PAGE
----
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Needed: An independent news media leader

DISCUSSIONS | May 26, 2006

Nancy Webb

1984 Nieman fellow, now a writer and free-lance journalist  

It will take a courageous and independent media leader to break the pattern and refuse to air soundbites or print campaign statements or take pictures at staged photo "opportunities".  How a candidate campaigns is not a valid indicator of how he or she would govern, yet the campaign is what gets most media attention. Media, generally, have been too passive and accommodating, allowing candidates at all levels to announce policy intentions yet refuse to provide substantial detail, or support how such policies could realistically be legislated or implemented.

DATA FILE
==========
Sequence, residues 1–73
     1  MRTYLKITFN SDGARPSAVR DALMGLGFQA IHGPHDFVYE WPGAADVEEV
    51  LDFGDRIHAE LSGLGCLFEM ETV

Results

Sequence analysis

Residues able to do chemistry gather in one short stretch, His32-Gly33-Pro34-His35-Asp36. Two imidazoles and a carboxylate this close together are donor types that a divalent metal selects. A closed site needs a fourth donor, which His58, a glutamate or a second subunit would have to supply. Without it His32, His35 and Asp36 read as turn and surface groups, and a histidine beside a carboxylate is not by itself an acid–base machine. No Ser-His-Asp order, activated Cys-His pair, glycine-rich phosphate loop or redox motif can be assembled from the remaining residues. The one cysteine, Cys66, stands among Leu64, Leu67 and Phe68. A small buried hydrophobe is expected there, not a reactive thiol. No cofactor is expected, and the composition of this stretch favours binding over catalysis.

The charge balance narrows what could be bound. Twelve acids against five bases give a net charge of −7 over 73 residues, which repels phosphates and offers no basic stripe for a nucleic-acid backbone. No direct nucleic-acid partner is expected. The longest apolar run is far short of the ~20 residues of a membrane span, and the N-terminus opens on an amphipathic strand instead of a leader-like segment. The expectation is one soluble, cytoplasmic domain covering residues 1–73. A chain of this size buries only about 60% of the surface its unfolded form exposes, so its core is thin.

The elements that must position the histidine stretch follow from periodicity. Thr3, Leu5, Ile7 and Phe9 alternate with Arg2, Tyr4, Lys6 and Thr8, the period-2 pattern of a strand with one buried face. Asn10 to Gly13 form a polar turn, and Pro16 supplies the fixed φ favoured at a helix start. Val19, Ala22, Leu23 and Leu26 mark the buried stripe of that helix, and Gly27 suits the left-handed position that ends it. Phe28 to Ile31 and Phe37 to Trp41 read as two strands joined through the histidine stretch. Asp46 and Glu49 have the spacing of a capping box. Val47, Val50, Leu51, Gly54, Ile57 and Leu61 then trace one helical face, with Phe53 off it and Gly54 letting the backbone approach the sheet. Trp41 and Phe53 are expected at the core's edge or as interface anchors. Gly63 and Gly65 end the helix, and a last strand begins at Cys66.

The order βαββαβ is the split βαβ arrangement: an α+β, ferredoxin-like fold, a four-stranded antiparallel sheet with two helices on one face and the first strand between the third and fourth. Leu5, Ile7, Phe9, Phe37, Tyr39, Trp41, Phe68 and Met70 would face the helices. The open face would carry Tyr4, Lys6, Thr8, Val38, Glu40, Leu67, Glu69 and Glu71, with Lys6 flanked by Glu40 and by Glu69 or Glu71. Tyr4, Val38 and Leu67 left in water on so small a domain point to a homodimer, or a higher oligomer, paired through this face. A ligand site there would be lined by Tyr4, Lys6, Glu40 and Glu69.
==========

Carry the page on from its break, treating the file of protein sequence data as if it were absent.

Mark Felt's advice in the movie to Woodward and Bernstein to "follow the money" could be used in two ways to improve election reporting. The need to thoroughly research a candidate's funding sources and political financial history is obvious; the need for media to research the impact of cost on their own souls may be less so. I have suggested to students and freelancers for years that simply putting a complete article into an editor's hands gives them a better-than-average chance of publication. It is no different for professional campaign strategists, who understand that in order to keep costs down, media will frequently accept what is offered rather than generate independent material. Breaking the pattern will require not only courage and independence, but spending on legwork, investigation, and creativity that will not be inspired in a reporter riding the campaign bus.

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